Saving a slimy muck newt.
August 31, 2011 § 1 Comment
I hate to say, “I told you so,” but…I told you so. I wasn’t messing around yesterday when I said that (a) Mother Nature is a total jerk sometimes, and (b) foreigners give their disasters way better names than we do. Allow me to submit, as evidence of both of those theories: Popocatepetl.
Popocatepetl is a volcano about 40 miles south of Mexico City, and it has started to burp a nice thick ash cloud into the sky, which (thanks to the prevailing winds) is headed straight north to dump it’s ashy goodness onto the fifth biggest city in the world (which is Mexico City) (in case you thought that the ash cloud was traveling from Mexico to, say, Tokyo). So the 21,000,000 people of Mexico City are battening down their hatches and preparing for a Mount Vesuvius vs. Pompeii sort of grudge match. This is a lot like Muhammad Ali vs. George Foreman in 1974, but with less Don King. Everyone within a 12-mile radius of Popocatepetl (which Wikipedia says is pronounced “po-po-ka-TEH-pet-ul,” which is hard to do. Seriously. Try to put the emphasis on the “TEH”) has been evacuated to avoid a Pierce Brosnan slash “Dante’s Peak” situation in central Mexico. (Raise your hand if you got that joke…well done).
So Mother Nature is dumping ash on the Mexicans, dumping water on the Asians, and dumping nothing on the Texans. You may or may not remember that there is a drought going on in Texas. If you live in Texas, you are probably aware of it. Everything is bigger in Texas, especially the long periods without rain. Unfortunately, it is not only human Texans who are suffering. The Texas blind salamander is at risk of drying out.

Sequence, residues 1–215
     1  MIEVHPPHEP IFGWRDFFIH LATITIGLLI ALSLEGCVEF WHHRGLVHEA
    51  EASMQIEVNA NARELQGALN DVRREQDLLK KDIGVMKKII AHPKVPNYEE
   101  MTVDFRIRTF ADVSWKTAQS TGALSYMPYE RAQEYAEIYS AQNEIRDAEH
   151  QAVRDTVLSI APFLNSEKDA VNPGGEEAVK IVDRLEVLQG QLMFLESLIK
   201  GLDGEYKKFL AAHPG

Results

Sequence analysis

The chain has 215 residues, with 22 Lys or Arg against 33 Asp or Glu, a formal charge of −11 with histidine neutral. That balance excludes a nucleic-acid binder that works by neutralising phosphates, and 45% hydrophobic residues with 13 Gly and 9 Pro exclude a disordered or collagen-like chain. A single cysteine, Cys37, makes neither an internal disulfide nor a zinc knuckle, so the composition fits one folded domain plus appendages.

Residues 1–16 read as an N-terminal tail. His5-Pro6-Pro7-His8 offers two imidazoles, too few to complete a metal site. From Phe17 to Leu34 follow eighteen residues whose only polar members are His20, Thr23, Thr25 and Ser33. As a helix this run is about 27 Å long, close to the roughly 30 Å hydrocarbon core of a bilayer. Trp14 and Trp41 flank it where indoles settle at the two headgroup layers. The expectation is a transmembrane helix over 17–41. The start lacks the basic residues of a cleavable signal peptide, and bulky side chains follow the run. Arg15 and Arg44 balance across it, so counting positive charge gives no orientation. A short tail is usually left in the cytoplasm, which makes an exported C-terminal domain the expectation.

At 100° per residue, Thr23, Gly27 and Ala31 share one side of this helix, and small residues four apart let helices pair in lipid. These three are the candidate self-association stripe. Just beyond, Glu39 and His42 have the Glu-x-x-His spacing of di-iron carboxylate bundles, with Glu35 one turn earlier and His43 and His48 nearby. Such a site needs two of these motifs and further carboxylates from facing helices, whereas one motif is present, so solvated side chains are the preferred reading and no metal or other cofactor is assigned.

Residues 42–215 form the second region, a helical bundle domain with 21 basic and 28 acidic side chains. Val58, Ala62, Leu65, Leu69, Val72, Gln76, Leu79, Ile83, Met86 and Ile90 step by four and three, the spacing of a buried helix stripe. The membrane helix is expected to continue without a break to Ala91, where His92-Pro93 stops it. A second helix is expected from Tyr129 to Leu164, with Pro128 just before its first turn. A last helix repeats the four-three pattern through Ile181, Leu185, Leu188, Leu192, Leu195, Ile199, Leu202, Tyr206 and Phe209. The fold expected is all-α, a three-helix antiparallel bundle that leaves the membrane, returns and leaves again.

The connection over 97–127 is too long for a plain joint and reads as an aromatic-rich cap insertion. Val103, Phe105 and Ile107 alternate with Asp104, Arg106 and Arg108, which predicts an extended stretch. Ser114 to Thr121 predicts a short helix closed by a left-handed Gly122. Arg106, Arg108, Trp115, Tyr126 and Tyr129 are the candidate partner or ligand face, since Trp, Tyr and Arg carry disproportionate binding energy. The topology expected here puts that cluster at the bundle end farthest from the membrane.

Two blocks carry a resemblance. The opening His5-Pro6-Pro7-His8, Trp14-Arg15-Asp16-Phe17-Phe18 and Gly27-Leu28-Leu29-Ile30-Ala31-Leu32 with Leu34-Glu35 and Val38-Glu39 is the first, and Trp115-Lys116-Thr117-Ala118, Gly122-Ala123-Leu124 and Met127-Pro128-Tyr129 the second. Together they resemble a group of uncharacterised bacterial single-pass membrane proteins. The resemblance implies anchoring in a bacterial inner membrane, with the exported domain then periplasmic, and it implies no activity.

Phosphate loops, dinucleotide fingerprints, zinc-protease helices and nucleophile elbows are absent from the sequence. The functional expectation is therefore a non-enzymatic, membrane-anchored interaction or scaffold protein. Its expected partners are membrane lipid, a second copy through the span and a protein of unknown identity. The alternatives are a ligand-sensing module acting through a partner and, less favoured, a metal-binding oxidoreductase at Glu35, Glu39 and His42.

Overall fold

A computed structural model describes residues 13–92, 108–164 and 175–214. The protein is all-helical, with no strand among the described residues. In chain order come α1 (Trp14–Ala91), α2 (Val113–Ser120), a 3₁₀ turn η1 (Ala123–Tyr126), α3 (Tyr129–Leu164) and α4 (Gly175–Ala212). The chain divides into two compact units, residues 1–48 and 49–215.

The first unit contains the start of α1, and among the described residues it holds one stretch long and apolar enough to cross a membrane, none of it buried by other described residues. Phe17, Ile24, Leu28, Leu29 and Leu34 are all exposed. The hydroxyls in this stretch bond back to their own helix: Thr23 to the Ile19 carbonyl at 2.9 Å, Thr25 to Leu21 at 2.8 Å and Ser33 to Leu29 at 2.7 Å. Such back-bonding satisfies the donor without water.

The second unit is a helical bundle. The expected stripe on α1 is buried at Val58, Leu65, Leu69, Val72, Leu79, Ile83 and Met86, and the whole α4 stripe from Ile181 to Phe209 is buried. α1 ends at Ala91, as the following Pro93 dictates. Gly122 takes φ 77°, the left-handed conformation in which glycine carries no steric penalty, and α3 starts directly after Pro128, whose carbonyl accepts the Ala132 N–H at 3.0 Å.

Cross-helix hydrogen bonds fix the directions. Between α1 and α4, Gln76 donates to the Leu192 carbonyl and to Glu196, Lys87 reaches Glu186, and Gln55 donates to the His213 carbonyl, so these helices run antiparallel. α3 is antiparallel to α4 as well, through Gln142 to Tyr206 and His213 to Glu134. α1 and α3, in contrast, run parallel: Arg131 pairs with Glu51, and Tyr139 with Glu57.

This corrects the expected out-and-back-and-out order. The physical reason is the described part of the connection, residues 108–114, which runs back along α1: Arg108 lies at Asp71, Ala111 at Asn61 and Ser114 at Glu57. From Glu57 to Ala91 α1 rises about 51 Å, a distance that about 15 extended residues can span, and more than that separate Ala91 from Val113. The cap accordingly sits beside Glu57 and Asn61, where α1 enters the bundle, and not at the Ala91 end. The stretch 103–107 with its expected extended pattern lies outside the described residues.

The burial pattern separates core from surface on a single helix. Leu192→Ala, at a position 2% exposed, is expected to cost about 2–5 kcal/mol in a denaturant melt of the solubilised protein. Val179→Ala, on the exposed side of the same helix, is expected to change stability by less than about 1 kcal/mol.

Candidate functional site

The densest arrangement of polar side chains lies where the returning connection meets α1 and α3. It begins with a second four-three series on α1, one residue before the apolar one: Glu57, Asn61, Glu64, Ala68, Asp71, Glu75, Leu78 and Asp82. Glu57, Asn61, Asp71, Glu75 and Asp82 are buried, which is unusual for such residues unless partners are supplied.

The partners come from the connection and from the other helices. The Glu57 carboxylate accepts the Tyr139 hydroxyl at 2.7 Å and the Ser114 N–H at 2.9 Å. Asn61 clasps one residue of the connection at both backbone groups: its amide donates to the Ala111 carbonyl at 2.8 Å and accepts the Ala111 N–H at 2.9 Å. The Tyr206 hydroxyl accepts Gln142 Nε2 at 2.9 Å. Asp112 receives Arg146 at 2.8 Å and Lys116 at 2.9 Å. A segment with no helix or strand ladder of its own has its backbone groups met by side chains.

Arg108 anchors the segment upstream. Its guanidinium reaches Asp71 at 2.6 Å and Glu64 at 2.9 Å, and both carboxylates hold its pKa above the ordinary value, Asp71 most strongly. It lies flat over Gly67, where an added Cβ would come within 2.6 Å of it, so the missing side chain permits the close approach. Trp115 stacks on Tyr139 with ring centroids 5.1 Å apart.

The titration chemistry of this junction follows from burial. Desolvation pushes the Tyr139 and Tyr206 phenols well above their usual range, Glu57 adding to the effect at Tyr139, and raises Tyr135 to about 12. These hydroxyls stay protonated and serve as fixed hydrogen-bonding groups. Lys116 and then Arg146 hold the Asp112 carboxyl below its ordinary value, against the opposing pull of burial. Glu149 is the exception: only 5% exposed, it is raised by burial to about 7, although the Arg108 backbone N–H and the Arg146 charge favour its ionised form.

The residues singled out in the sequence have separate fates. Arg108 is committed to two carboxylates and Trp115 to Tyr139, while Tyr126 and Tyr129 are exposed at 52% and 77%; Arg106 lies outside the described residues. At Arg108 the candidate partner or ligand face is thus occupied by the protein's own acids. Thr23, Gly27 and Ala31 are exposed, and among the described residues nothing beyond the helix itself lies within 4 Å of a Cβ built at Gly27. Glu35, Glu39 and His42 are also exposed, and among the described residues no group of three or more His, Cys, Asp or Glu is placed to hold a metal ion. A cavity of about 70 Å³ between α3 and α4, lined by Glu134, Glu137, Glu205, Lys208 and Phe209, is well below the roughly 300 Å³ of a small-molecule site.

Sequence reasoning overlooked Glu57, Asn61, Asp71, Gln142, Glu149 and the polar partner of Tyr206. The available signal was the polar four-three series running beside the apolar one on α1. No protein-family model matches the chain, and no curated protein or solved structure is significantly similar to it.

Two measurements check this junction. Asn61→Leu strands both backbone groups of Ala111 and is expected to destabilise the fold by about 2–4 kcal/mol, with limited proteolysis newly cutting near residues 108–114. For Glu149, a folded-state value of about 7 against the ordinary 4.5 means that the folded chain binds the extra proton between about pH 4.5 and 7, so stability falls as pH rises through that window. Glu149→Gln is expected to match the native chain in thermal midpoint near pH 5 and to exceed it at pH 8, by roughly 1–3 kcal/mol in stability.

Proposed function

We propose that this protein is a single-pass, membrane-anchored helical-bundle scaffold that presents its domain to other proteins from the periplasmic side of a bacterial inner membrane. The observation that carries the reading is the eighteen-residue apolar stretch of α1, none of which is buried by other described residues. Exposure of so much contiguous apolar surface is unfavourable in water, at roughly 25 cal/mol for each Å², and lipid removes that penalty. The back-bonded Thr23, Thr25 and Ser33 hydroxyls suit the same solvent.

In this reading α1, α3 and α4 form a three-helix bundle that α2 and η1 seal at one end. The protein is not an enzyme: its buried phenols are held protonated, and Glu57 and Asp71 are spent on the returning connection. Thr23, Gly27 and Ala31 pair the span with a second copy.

The Texas blind salamander (Erythea rathbuni) is a type of salamander from Texas which is blind. Ha! But it is an endangered aquatic troglodyte (cave-dwelling) species of eyeless amphibian. Not only is it under the threat of Batrachochytrium dendrobatis, like all amphibians, it is also at risk of having its caves go dry, and therefore: death. So volunteers are rounding up as many Texas blind salamanders as they can find, and moving them to safe, watery temporary safe-havens, so that they don’t dry up and go extinct. Bravo, Texas! You’re finally doing something useful for the world: saving a slimy muck newt from extinction! Our (ten gallon) hats are off to you.
And while there are not that many Texas blind salamanders left in Texas, there are even less people left in the Japanese town of Tomioka. In fact, a gentleman named Naoto Matsumura figures that he is the last. He is the Japanese Omega Man.
Tomioka is a town inside the “exclusion zone” in the Fukushima prefecture which suffered from a very bad earthquake earlier this year. We all heard, of course, about the nuclear plant that went all Three-Mile-Island on the poor residents of that area, and most of them have wisely fled. Not so for Naoto Matsumura. He refuses to leave Tomioka, and by his reckoning, he is the last one there. He spends his days wandering the empty town and feeding the animals which are now human-less and aimlessly navigating the “exclusion zone.” While it may seem on the surface to be a gentle, pastoral, Zen-like existence, let’s not forget that Naoto Matsumura is being constantly bombarded with potentially fatal radiation from the nearby nuclear plant which is hemorrhaging invisible death rays. I don’t know whether I think that Naoto Matsumura is noble, or just stubborn, or perhaps a lunatic, but one question remains: if he’s the only one in Tomioka, who took this picture?
You’ve just crossed over into the Twilight Zone.
Yesterday I left you with an unprovoked picture of polydactyl weirdness, so today, I’d like to leave you with a “look how tiny and insignificant we are in the grand scheme of things.” Here’s a photo of Earth (on the left) and the Moon (on the right) taken from 6,000,000 miles away by NASA’s Juno spacecraft.
To give you some perspective, it’s taken Juno just about a month to travel 6,000,000 miles, and it has about 449,000,000 miles still to go before it gets to its destination: Jupiter. It is expected to arrive in January 2012.
(Alternate title for this article: “Hemorrhaging invisible death rays.”)
Keep a good heart; the worst is yet to come.